Based on these call types, the greatest diversity of echolocating insectivorous bats was recorded at an elevation of 1,600 m, with a total of 13 call types from at least nine species (cf. seven call types / spp. at 500 m, and four call types from at least three spp. at 2,900 m). In addition, most bat call sequences were recorded within clearings rather than natural corridors along watercourses (Table 19.4).

Table 19.2.   Echolocation call categories based on the morphology of the dominant type or types of single search-phase pulses in high quality sequences (adapted from Armstrong and Aplin, in prep.; examples are not scaled equally; only call types observed in echolocation sequences recorded at Muller Range are presented).t19b_222.gif
Table 19.3.   Bat captures made at each site, with richness based on captures only.t19c_222.gif


The survey produced records of four pteropodids and at least 12 species of insectivorous bats. Given the brevity of the survey, and its limitation to three relatively small areas, the number of bat species inhabiting the wider area is likely to be much greater. Indeed, one additional species - a Nyctophilus species close to N. microdon Laurie and Hill, 1954 (H. Parnaby pers. comm.) - is represented in the small collection derived from a caving expedition in 1978 (AM M12634 and M12635, collected at ‘Atea Gana Anda’ by G. Smith and R .Wilson).

Two of the captured bats are almost certainly undescribed (Nyctimene sp., Syconycteris sp.), though known from other localities, and two others require further taxonomic work to separate them from closely related species (Paranyctimene raptor) or to examine the possibility of subspecific or species status (Hipposideros wollastoni). The data collected from echolocation recordings highlighted that there is an almost undocumented ultrasonic realm in PNG, and that this is a significant knowledge gap.

Notable records


The tube-nosed bat Nyctimene sp., captured at Gugusu (ANWC M35456), is a distinctive species in the ‘albiventer’ size range. It is probably unnamed but based on size, pelage characteristics and cranio-dental morphology, the same taxon is probably represented in previous collections from the Astrolabe Range, and possibly also on the northern side of the central ranges of PNG at hill forest elevations (Aplin, pers. obs.). It is widespread according to N. Irwin (pers. comm. to K.N. Armstrong, 14 April 2010).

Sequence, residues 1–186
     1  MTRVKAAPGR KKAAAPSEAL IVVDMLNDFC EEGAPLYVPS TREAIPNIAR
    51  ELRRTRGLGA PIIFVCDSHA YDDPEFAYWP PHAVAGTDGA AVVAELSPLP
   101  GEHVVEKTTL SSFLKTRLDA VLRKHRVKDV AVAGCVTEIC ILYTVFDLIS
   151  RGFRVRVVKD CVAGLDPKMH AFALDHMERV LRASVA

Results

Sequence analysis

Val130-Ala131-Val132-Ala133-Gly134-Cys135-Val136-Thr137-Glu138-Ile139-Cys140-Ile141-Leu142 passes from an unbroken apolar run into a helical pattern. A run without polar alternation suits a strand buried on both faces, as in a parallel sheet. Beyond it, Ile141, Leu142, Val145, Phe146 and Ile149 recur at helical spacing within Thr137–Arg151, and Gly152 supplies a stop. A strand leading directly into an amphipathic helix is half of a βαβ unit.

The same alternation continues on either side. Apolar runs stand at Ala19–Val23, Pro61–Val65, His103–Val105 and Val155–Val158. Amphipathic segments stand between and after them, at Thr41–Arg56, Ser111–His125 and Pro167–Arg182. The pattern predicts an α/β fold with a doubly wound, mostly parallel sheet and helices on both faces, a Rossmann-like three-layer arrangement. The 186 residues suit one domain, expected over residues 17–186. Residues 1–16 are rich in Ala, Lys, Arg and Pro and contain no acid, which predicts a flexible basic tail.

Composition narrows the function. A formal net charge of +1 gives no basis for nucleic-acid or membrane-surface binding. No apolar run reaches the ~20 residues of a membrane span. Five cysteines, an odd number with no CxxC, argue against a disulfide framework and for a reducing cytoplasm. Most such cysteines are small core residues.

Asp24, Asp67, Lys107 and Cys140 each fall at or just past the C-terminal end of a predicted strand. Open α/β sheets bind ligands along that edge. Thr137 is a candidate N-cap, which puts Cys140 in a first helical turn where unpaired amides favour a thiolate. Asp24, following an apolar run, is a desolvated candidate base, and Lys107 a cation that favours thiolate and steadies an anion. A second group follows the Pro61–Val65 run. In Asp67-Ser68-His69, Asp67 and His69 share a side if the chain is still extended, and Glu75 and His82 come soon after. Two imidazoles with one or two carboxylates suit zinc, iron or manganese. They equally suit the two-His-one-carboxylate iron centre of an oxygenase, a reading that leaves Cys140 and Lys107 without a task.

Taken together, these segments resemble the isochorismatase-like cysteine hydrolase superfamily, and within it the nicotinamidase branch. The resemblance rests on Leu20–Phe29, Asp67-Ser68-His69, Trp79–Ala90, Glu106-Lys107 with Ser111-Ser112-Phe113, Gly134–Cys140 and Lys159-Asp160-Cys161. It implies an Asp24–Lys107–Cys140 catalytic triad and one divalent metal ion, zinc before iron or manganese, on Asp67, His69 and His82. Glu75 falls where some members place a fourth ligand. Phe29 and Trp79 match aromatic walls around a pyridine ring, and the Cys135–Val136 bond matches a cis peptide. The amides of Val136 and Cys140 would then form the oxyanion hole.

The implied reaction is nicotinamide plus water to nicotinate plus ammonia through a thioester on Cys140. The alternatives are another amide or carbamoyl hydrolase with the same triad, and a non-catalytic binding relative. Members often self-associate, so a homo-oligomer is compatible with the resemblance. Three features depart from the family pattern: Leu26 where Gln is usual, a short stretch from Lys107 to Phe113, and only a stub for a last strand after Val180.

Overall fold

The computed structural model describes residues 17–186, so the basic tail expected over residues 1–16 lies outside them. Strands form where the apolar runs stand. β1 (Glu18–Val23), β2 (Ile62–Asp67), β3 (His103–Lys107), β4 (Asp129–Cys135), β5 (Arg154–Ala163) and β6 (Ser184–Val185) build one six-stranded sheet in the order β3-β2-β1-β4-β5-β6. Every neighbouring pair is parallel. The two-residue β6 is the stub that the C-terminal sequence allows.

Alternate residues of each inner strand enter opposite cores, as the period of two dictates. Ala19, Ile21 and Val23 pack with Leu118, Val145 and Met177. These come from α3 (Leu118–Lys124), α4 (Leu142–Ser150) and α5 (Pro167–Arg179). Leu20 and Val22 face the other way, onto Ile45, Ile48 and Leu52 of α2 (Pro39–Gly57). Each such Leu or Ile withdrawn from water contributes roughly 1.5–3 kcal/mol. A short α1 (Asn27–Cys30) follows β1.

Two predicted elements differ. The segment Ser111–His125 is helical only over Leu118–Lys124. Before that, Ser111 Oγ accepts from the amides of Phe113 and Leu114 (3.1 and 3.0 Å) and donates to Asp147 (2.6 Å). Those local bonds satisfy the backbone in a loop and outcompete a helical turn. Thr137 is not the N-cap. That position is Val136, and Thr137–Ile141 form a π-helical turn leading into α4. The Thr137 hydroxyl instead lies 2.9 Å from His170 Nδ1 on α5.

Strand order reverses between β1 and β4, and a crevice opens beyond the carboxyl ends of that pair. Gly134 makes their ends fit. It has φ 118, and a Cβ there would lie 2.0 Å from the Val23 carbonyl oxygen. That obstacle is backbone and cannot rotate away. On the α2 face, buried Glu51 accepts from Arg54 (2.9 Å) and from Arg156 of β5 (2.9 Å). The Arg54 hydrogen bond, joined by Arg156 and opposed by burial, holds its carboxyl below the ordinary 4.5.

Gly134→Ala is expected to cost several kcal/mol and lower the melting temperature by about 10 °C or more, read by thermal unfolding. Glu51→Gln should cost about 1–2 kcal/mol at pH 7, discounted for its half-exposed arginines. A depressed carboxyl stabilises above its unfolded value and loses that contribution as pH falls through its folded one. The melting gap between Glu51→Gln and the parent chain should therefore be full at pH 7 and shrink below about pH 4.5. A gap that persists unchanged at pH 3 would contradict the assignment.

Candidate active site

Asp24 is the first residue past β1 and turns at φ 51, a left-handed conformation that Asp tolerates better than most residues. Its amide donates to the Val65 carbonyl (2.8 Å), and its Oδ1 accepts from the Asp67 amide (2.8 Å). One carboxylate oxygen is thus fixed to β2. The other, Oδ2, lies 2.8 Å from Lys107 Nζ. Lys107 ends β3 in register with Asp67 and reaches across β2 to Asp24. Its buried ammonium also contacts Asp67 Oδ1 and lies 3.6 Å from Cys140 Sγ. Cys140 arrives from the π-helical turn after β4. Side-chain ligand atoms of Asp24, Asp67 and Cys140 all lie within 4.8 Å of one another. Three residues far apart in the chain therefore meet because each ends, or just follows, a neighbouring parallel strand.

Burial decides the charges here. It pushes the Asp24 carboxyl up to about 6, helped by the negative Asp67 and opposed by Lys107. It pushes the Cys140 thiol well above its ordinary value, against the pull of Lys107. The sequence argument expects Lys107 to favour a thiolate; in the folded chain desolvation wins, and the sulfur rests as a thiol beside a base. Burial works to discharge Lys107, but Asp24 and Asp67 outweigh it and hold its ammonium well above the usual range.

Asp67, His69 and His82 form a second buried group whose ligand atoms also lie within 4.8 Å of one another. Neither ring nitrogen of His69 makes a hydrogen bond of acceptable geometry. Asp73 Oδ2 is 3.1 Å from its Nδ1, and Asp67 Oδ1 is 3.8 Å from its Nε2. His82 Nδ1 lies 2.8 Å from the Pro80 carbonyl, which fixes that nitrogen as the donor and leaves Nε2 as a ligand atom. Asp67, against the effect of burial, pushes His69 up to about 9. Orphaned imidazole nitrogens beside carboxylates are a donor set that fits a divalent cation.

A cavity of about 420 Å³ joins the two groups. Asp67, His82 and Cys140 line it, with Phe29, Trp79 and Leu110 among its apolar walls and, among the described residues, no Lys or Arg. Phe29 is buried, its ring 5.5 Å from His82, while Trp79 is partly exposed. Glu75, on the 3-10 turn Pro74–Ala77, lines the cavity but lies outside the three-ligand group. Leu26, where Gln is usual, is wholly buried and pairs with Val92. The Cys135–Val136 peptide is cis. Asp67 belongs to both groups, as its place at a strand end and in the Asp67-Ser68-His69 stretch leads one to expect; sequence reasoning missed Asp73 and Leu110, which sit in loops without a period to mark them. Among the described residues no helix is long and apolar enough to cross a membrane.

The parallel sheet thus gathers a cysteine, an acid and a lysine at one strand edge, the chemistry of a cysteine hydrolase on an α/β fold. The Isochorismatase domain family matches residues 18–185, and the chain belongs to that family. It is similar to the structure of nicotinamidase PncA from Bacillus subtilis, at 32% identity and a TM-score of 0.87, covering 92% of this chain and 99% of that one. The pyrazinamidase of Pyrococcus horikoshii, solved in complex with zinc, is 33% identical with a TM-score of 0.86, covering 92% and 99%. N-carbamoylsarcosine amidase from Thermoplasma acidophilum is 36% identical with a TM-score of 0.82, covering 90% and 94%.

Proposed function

The Green Tube-nosed Bat genus Paranyctimene is poorly understood. The Muller Range Paranyctimene (ANWC M35467), captured at Gugusu, has a forearm length of 50.1 mm, which is at the lower end of the range given for P. raptor (Bonaccorso 1998) and just slightly smaller than that measured from the types of P. tenax Bergmans 2001. While P. tenax has not been recorded formally south of the central cordillera, the full extent of its distribution is not known. Bergmans (2001) raised the possibility of sympatry with P. raptor, highlighting that specimens might have been wrongly attributed to this species because of the lack of critical assessment. The specimen from Gugusu was identified as Paranyctimene raptor based on a partial fragment of the ribosomal 12S DNA marker after comparison with an unpublished dataset (N. Irwin unpublished data).


The blossom bat genus Syconycteris is a complex group with a number of distinct morphological forms currently grouped as S. australis (Peters, 1867). What appears to be true S. australis was common around Gugusu at 500 m altitude, and one specimen (ANWC M35472) was also captured at below Sawetau Camp. Between 1,600 m and a few hundreds of elevational metres above Sawetau, a second presently unnamed species of Syconycteris was captured (e.g. ANWC M35500). This form is widespread in montane New Guinea (K.M. Helgen pers. comm.). Despite considerable mistnetting effort, no Syconycteris were captured at Apalu Reke and on this basis it seems likely that the patchily distributed montane species S. hobbit Ziegler, 1982 is absent from Muller Range.

Hipposideros wollastoni

This is a morphologically and genetically diverse species of leaf-nosed bat that is poorly known outside of the Telefomin area (Flannery and Colgan 1993). The single individual captured at Sawetau (ANWC M35464) seems distinct from the subspecies found at Telefomin in fur colouration and nose-leaf structure but is similar in external appearance to examples collected recently from Mt Bosavi (K.M. Helgen pers. comm.). The Muller Range and Mt Bosavi groups may represent typical wollastoni (described in 1913 from Utakwa River, West Papua) or alternatively, an unnamed form. Echolocation calls recorded in flight at the helipad of Sawetau Camp and identified as H. wollastoni (on the basis of reference material from elsewhere; K.N. Armstrong and K.P. Aplin unpublished data) had a characteristic frequency of c. 82 kHz, but unfortunately comparative acoustic material is unavailable from Telefomin. Genetic studies have begun, but are also limited by comparative material.

Call categories